masqthephlsphr: (masq)
Yes, she is an actual person. No, she is not an academic. She is a cartoonist. But not a political cartoonist, although her politics come into her art, as they do for many artists. Lately, she's been writing memoirs, but for nearly thirty years, I've known her as the artist and writer of one of the best lesbian soap operas ever. Two decades before the L Word, there was

Dykes to Watch Out For

Even her website is named after her real claim to fame:

The strip appeared initially in gay community newspapers, and then was made into a series of books. It follows the adventures of the neurotic Mo, a clerk at Madwimmin Books*, her best friend Lois, and their buddies Clarice, Toni, Ginger, and Sparrow. Over the years, the cast of characters expanded as their relationships evolved and as Bechdel explored the cultural signposts, trends, and cliches of lesbian life.

Before the serial drama following the lives of these characters began, the Dykes to Watch Out For strip was a series of comic vignettes featuring one-off characters. One of the cartoons that appeared in 1985 was this one:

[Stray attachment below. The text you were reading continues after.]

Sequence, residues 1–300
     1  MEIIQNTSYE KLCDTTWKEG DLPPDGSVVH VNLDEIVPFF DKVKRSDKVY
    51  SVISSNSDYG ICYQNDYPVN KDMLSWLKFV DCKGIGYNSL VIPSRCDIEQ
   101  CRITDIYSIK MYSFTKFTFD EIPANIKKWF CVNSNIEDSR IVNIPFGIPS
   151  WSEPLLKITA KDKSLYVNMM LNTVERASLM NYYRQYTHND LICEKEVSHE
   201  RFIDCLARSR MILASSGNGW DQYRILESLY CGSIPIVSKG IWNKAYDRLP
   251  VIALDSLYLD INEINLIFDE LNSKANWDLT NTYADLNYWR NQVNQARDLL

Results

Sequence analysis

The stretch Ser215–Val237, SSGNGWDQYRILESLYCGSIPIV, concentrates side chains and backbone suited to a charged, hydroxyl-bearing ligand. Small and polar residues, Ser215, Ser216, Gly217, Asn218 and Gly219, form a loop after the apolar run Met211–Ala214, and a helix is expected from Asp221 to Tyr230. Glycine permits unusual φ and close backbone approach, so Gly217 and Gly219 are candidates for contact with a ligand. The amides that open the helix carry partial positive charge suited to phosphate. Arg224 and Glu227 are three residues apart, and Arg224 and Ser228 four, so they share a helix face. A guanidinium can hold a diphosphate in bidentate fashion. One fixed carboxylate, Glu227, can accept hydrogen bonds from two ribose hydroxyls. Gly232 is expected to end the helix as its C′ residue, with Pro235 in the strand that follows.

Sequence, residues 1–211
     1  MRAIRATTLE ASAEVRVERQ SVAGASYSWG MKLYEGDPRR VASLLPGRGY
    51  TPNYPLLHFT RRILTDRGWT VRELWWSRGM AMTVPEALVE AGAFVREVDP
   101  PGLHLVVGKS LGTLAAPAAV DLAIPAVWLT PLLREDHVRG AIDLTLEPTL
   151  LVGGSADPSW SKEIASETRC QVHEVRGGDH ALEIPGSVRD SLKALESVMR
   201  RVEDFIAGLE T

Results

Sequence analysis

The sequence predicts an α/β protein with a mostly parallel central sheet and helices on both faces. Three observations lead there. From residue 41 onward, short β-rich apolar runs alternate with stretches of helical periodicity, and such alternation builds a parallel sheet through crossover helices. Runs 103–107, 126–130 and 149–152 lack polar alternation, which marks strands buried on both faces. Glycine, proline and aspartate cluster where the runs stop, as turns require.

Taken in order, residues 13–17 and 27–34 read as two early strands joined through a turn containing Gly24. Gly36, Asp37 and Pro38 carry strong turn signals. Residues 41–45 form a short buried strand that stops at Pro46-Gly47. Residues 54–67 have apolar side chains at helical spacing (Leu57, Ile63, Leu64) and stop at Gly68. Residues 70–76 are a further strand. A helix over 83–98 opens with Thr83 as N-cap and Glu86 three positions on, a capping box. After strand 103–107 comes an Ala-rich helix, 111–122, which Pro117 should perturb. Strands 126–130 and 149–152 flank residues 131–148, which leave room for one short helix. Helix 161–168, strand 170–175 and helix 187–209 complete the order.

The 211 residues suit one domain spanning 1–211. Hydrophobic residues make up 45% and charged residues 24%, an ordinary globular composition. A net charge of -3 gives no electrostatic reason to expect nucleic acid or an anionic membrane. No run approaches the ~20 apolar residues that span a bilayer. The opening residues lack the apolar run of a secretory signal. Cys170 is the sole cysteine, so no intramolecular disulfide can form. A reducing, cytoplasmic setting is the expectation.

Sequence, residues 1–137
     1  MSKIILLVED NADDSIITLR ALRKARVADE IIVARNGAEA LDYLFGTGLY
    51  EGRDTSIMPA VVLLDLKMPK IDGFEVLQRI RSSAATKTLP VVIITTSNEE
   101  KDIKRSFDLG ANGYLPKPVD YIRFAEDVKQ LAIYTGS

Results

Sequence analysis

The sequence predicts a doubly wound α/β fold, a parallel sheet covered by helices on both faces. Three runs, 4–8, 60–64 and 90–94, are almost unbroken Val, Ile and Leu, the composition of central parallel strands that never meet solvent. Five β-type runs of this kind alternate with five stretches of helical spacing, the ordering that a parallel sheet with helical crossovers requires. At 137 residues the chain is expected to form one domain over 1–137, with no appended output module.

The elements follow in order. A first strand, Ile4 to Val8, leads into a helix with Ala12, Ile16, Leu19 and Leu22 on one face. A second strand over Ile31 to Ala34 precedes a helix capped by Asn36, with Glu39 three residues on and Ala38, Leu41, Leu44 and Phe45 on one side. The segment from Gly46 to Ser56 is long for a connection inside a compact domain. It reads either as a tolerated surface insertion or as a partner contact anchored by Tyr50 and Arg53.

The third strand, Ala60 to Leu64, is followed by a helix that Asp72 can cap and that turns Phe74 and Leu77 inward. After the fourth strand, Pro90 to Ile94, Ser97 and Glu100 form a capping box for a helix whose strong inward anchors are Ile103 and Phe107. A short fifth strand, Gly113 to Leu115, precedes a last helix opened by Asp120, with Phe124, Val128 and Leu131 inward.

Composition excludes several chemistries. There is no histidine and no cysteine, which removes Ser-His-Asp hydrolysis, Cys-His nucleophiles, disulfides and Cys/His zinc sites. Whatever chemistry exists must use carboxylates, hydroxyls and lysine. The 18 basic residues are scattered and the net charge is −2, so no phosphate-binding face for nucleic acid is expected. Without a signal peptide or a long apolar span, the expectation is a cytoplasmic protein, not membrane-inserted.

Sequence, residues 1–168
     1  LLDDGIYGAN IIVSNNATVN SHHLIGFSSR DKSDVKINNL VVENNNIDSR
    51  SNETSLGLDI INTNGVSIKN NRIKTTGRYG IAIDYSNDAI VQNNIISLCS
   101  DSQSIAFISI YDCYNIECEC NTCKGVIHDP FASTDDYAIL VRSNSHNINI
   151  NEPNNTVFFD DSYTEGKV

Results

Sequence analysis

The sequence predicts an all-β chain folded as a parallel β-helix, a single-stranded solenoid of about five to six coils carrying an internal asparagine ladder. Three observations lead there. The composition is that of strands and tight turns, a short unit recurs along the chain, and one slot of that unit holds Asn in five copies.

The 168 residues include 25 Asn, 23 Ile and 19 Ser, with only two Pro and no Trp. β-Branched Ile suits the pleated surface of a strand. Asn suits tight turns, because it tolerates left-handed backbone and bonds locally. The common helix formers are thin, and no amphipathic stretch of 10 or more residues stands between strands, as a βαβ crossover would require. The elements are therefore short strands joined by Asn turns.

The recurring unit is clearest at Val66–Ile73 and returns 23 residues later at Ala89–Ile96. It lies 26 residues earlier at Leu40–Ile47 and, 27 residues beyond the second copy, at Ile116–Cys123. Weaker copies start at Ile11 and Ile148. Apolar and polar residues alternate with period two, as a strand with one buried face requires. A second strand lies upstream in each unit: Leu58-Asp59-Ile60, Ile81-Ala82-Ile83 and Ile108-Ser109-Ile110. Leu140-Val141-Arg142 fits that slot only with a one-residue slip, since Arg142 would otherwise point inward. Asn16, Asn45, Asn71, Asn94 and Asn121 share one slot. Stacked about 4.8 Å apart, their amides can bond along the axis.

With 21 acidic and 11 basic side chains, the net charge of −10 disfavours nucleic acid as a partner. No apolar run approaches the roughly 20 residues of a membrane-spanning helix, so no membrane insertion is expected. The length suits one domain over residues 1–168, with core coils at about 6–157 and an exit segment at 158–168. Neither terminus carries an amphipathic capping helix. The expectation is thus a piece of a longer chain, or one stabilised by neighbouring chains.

Quote it out of context if you want to, my pretties, but just remember the source.

* The fact that the initial community gathering spot for the DTWOF characters was a feminist/lesbian bookstore tells you how old this strip is. Buns and Noodle Barnes and Noble put Madwimmin out of business years ago, and we all know what happened to monster chains like B&N when a bigger fish came along.
masqthephlsphr: (Dexter)
[personal profile] butterfly posted about a new meta community that's all about loving awesome women characters. It kinda makes me sad that this extra mile is necessary, but going the extra mile is apparently my theme today (work stuff, not worth mentioning).

Here's the comm:
[profile] womenlovefest

Original post;

Updated info:


Jul. 26th, 2011 09:07 am
masqthephlsphr: (don't fuk)
OMG, I just discovered that all three books in Stieg Larsson's Millenium trilogy have been made into movies that are available on Netflix. It was on their recommendation I even rented the first movie ("You like foreign films with strong women characters: rent this!"). That got me reading the books in the first place.

::fan girls::

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